My experience as a Salesian Lay Missioner began in Tijuana, Mexico where I picked up rudimentary Spanish, a little experience with Mexican culture and some basic Salesian principles. After three months there I seized an opportunity to work further south in a city called Leon. The Salesians in Leon have a three-phase project for boys and adolescents in need. The first stage is an overnight shelter for ninos de la calle (street children) which is called the patio. From the patio the boys can proceed to a more permanent home named after the section of Turin in which Don Bosco worked, Valdocco. Unlike those in the patio, the 25-35 boys in Valdocco do not return to the street each day. There in our big walled-in compound they eat, play and even go to a little school during a schedule that takes up the whole day. At night everyone sleeps in a big one-room. Older and more mature kids can pass on to La Ciudad del Nino (town of boys), a full-time Salesian boarding school.
When I arrived in Leon, I brought with me a bag of motives that would have been difficult for anybody, including me, to understand. In retrospect, I can see that for all my self-doubt and suspicion, I had two good reasons. I wanted to help kids who had no families, and I wanted to learn how to love Christ better. It turned out that that was enough.
It is easy to forget now how hard those first weeks in Leon were. I was assigned to Valdocco as asistente (assistant) to the priest who ran it. My responsibilities included anything that needed to be done in raising thirty boys who ranged from three to fifteen years old: waking them up every morning at 6:45, supervising them in the cafeteria, helping the besieged teacher in our school, playing in their ferocious soccer games, soliciting food donations at the downtown market and driving our orange school bus during outings. My liabilities as a first – time asistente were just short of overwhelming. I could barely speak enough Spanish to communicate with the boys or with my co-workers; I lacked the unflappable temperament needed for working with kids, especially ones as angry as these; and I was not used to being on duty all day long, all week long.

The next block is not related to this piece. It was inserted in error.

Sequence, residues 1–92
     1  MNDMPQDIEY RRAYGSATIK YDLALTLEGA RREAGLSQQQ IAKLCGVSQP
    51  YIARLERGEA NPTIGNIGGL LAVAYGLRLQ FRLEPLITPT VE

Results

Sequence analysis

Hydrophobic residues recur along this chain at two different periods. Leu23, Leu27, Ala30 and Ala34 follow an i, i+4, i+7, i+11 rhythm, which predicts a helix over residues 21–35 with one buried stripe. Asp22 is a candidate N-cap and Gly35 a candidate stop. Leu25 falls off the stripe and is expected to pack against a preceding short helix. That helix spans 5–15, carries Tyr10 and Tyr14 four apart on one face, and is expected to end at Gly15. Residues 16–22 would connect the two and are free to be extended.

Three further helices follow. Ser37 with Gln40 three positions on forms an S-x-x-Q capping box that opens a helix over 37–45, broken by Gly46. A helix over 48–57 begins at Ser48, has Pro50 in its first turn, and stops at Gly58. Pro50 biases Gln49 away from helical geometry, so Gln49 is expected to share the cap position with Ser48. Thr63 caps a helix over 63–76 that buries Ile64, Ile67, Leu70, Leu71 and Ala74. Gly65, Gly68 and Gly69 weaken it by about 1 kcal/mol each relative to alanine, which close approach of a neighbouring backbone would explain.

On top of all that there’s an unwritten rule in Valdocco that anyone entering our community has to be broken in for about a month or two. As a gringo who barely spoke the language and was slow to learn the ropes, I got the worst they had to give. In fact, for a long while after I arrived at Valdocco, I spent a lot of time, being angry and on the defensive. They were constantly making fun of me, ignoring what I asked of them, screaming in real or artificial tantrums, or fighting and bullying one another. The attention I gave them never seemed to have any effect. They would soak it up thanklessly and just expect more. The day I was first left alone to supervise all thirty kids is difficult to forget. For no good reasons, at least half of them climbed out a window of the school room onto the roof. From there they rained down on me bricks, brooms and a river of the most abusive epithets the Spanish language has to offer.
But I stuck with it and little by little things started to turn around. One day after about ten kids had finished reading stories in my room, my walkman was missing. I asked some of the boys about it and they all told me that Louis Gaona had stolen it. Louis Gaona was eleven and had spent the majority of his last two years in the street, where stealing is as natural as breathing. He was perhaps the smartest kid at Valdocco, but he was also one of the most aggressive and worst-behaved. A week before I had caught him putting my cassette into his backpack. This time, I took him aside, told him that my walkman was missing and asked him if he knew anything about it.
He looked me straight in the eyes and said, “I didn’t take it”.
“Okay, I am going to trust you,” I said, and I didn’t check his backpack to see if it was there.
“But,” he asked, “what will you give me if I find it for you?”
“Nothing” I responded.